The American theologian Harvey Cox, for instance, was able to put his theological expertise to good use when, in reading through the economics of the major business press, he was able to trace out a whole theology. When, Cox, a theologian, read through The Wall Street Journal and the business sections of Time and Newsweek, he was “surprised to discover that most of the concepts [he] ran across were quite familiar,” and that “there lies embedded in the business pages an entire theology, which is comparable in scope if not in profundity to that of Thomas Aquinas or Karl Barth. It needed only to be systematized for a whole new Summa to take shape.”9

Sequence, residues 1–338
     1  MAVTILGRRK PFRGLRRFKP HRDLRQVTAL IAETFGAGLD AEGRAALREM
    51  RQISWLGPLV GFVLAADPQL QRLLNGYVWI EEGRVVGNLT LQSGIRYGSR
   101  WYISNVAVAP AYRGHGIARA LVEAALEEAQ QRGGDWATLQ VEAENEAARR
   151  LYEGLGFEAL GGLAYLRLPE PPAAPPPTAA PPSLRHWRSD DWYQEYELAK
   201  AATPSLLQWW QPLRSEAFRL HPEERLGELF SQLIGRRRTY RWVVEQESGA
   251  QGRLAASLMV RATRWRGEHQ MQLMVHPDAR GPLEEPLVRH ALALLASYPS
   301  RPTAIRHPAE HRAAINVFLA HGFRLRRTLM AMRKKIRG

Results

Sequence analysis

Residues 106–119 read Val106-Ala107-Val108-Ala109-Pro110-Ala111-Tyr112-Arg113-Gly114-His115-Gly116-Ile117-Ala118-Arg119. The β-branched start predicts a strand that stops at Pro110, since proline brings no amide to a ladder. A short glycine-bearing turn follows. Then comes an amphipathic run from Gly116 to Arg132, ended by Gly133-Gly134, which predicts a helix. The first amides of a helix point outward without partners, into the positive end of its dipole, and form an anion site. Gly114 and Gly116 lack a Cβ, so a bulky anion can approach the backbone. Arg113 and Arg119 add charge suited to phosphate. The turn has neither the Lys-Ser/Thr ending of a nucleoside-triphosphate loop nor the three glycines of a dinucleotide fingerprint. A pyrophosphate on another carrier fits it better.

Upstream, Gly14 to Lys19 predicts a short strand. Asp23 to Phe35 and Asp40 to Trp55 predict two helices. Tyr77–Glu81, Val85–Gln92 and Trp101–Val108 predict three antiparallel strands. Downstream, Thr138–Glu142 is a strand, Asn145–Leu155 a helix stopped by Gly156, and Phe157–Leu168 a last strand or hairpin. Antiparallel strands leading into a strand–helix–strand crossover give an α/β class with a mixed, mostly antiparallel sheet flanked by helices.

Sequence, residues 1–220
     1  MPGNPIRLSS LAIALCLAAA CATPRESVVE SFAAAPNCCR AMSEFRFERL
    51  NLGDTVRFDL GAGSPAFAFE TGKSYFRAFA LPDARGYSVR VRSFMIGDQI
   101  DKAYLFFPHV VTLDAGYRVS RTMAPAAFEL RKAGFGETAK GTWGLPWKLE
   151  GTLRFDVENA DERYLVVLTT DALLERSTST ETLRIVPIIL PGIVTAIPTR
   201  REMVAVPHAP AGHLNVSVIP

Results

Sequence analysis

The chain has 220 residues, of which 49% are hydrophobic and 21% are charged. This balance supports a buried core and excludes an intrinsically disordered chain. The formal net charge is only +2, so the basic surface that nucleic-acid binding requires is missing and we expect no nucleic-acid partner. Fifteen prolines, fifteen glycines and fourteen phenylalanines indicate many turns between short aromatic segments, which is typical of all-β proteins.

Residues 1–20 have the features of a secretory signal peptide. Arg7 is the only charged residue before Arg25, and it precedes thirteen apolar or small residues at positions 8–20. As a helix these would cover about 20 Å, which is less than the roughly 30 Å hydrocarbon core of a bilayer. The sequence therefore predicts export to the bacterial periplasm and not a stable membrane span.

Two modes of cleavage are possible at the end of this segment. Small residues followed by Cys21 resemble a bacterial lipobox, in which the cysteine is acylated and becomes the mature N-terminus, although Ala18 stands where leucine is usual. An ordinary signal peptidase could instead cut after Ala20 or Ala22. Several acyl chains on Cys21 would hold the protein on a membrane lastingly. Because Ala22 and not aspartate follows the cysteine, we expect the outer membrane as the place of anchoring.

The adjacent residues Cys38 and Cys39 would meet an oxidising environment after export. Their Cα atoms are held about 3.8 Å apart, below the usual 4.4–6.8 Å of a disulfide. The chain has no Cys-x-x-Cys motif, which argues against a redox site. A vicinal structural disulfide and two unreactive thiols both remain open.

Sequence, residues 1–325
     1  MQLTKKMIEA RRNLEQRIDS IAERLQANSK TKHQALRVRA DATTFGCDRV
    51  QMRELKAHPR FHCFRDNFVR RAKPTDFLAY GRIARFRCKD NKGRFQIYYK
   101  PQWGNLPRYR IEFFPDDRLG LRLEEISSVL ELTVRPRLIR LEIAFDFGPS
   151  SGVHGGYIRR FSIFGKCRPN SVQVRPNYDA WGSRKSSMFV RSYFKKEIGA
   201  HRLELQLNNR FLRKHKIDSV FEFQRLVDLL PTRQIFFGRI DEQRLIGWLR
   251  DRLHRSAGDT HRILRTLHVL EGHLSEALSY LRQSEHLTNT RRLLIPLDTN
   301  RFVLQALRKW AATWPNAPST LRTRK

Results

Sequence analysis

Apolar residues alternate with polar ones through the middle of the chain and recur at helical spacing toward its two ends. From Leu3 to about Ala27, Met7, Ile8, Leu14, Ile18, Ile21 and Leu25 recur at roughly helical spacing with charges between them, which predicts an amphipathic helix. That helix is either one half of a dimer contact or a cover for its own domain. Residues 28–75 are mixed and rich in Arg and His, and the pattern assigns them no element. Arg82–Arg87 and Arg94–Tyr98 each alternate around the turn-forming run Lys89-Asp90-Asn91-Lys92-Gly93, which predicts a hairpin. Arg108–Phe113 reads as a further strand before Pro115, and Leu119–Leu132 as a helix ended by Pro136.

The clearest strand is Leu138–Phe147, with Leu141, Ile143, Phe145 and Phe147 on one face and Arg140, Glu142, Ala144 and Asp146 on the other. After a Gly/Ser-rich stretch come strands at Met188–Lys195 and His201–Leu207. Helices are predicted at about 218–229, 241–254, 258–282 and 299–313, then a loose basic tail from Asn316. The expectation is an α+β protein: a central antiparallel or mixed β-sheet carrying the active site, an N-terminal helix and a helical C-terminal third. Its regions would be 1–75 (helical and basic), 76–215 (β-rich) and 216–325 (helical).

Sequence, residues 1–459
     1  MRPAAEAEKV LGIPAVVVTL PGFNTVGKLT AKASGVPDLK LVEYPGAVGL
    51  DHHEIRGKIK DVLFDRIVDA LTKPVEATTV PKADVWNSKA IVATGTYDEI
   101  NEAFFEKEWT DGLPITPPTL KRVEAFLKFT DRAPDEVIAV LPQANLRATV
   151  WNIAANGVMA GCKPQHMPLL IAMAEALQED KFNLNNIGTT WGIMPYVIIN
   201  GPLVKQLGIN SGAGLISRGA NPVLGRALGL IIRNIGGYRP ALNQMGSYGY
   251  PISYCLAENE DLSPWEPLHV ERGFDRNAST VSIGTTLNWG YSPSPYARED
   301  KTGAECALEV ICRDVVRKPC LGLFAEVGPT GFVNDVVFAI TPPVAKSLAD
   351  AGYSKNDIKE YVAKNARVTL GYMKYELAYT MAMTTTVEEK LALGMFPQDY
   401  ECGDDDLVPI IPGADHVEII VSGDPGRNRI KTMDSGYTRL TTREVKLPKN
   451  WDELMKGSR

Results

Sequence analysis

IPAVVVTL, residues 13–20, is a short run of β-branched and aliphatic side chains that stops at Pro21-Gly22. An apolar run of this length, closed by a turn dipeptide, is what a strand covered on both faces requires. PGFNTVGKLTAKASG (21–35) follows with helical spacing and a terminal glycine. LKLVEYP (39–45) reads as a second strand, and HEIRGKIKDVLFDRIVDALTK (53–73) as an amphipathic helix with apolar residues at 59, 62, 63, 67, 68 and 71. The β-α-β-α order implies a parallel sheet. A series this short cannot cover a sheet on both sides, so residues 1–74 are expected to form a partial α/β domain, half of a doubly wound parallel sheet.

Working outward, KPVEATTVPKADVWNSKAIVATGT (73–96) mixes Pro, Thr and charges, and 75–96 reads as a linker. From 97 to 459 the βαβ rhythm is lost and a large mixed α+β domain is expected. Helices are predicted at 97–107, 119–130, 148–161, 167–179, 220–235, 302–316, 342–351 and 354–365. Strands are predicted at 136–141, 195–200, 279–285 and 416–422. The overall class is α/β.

Some attempts at this systematic theology have indeed been undertaken. The great summas of economic theology, among them Milton Friedman’s Capitalism and Freedom, Friedrich von Hayek’s Road to Serfdom, and Ayn Rand’s magisterial treatise, Capitalism: The Unknown Ideal. These high priests of the capitalist religion make it their duty, rather as theologians have over the centuries, to spell out the moral demands of their supreme deities. In the Old Testament, Yahweh spelled these out to Moses in the Ten Commandments. In the new New Testament, the Commandments are known as the ‘Washington Consensus’: Thou shalt liberalize trade and finance, thou shalt allow markets to set prices, thou shalt end inflation, and thou shalt privatize. And it is this wisdom our high priests so graciously bestow upon us, that we might grow in our faith to the Lord our God Capital.